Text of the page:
Words by Mahira Rehman
The Walking Dead is definitely one of the top shows out in the world that bring about philosophical questions like ‘How do we survive in a world without government? Who is the greatest enemy? If there are no more animals do I have to become vegetarian? (I thought long and hard about that joke)
The good old Zombie is a fascinating paradoxical creature that is both humane yet inhumane. Perhaps it comes down to the fact that Zombies are just empty vessels of the human body, in other words, the familiar and their rabid hunger for flesh/brains threatens this understanding of the familiar and becomes itself the otherness. Zombies have this ability to draw out the most inner darkest instincts that we tend to have. For those who have watched The Walking Dead, Rick serves a prime example of good-town-cop who wants to save anyone he encounters with, to becoming a scary, no-one-will-stop-me dictator. (#spoilers for those who haven’t watched season 5 – Rick goes cray-cray) https://youtu.be/slRA4E3BJR0
For those of you who are watching the show out of pure entertainment, here’s a little enlightening theory of why you are so drawn to it. Perhaps The Walking Dead handles pretty serious issues regarding the transgression of human nature. (spoiler) Remember when Rick goes out of his way to save Carol’s daughter to then monologuing about how we should “kill them (them being the Wolves who attacked Alexandria), we’ll survive – I’ll show you how… how many do I have to kill to save your lives, but I’m not gonna do that, you’re gonna change.” This notion of becoming emotionally and physically tougher and assuming the role of the warrior alludes to, French Philosopher, Michael Foucault’s theory of ‘biopolitics’ which is defined as:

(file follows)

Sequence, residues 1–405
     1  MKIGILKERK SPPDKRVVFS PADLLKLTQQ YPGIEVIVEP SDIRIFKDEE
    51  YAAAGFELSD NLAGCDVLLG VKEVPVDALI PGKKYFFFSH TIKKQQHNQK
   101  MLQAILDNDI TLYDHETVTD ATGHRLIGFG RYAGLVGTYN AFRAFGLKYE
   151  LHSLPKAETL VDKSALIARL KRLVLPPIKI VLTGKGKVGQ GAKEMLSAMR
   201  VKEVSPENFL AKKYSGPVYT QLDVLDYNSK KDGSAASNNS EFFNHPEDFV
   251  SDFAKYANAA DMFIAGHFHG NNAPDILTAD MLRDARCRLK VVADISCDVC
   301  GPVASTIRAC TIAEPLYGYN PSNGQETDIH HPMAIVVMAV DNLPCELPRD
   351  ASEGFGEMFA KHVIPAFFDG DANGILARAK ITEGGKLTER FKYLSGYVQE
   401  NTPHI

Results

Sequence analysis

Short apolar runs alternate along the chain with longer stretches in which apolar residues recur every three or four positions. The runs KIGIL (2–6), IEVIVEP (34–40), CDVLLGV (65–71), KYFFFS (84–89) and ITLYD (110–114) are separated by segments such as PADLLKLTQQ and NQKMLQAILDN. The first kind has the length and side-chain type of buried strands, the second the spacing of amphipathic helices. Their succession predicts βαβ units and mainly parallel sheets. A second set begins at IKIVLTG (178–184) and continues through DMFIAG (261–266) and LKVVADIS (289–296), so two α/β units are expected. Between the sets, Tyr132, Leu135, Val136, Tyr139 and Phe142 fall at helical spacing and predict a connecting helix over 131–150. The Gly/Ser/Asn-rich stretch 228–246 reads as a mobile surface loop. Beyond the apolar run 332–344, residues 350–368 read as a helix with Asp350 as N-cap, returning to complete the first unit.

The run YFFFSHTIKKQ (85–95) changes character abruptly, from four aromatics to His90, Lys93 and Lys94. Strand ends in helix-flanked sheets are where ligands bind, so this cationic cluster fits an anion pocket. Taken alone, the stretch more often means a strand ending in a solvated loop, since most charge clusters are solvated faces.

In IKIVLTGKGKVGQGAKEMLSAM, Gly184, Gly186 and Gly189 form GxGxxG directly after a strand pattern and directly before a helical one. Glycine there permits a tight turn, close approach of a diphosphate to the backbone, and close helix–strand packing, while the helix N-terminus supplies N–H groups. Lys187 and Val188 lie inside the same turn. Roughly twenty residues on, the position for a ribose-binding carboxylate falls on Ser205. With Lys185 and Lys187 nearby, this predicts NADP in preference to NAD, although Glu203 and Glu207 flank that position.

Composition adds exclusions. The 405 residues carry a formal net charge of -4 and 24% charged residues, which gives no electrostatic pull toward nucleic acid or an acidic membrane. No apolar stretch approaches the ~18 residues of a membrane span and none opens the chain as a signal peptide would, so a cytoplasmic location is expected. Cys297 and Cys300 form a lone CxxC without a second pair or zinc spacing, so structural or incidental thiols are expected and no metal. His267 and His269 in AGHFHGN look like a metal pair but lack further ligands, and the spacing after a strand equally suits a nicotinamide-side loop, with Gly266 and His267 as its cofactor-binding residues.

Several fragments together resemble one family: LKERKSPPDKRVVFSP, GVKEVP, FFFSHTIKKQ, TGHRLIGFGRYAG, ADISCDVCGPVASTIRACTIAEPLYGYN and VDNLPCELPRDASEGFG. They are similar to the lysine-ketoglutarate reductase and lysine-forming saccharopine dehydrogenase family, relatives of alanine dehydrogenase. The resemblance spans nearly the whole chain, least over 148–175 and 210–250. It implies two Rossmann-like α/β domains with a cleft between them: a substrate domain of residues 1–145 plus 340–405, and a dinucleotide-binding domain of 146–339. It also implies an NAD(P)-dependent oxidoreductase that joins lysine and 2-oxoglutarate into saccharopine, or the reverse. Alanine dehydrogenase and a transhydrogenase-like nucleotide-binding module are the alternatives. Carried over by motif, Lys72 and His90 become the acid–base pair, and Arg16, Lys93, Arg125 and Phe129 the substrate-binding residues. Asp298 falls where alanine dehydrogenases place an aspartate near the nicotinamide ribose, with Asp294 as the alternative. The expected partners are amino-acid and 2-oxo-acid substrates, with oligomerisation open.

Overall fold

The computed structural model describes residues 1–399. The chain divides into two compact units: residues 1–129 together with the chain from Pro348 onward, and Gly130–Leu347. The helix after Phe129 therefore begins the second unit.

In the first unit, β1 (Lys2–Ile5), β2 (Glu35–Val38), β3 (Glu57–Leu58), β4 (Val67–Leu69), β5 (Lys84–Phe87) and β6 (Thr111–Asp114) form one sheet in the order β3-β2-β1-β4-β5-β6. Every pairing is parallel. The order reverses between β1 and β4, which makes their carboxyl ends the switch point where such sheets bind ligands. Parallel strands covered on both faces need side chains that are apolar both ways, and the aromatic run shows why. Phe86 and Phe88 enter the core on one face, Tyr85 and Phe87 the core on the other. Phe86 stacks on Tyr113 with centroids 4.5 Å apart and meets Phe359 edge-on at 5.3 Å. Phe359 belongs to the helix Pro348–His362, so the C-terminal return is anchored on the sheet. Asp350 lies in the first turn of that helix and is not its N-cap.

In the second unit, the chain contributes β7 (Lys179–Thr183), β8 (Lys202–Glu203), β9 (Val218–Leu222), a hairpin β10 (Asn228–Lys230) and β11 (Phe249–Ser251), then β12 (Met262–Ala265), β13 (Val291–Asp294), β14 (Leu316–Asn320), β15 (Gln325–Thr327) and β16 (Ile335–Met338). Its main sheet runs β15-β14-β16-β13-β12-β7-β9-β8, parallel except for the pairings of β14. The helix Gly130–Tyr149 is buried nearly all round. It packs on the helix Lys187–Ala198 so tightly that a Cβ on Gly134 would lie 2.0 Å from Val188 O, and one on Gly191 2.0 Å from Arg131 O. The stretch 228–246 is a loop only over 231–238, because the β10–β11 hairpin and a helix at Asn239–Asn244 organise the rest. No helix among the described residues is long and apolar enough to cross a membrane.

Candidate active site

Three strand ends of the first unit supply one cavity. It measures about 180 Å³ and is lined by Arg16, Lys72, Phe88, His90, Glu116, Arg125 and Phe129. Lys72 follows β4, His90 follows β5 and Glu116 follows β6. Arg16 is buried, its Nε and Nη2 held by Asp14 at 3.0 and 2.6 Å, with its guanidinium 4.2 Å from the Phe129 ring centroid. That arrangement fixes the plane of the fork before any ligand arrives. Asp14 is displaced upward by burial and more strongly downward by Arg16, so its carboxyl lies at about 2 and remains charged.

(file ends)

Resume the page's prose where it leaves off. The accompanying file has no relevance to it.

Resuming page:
The notion of self-care… to show how behavioural and health norms become intertwined as part of the individual’s responsibility in society.
There are many complexities that are associated with Biopolitics when pinpointing the theory – but let’s have a look at this definition in relation to the show. It’s obvious that the zombies pose a threat to our bodies, but so do the humans as they fight for resources and land as Rick heavily points out (throughout season 5). With the help of the person in charge (a.k.a Rick) the ‘political’ leader assumes the role in saving people by taking drastic measures for the greater good of humanity. In the world of ‘The Walking Dead’, you must be cold, strategic, and valiant when faced with difficult situations. The show practically merges seemingly two contrasting concepts together: “Kill or be killed”. It becomes a moment of Us vs. Them. Just look at the contrast between the people of Alexandria and Rick’s people when Pete ‘accidentally’ slits Reg’s throat. The people of Alexandria are practically in shock, whereas Rick’s people seem to have no reaction at all due to being completely exposed to the innermost violent and disturbing situations that are beyond imagining.
Though it is worth mentioning how recent seasons have plummeted the show’s ratings, maybe it solely comes down to the repetitive nature the show has undertaken. We no longer get that excitement of the unknown, it has now come down to the same old story of: Community is functioning at its peak – another community wants to take over- battle happens – Rick wins. Are the audience members too overly exposed of understanding the drastic actions humanity will take to survive?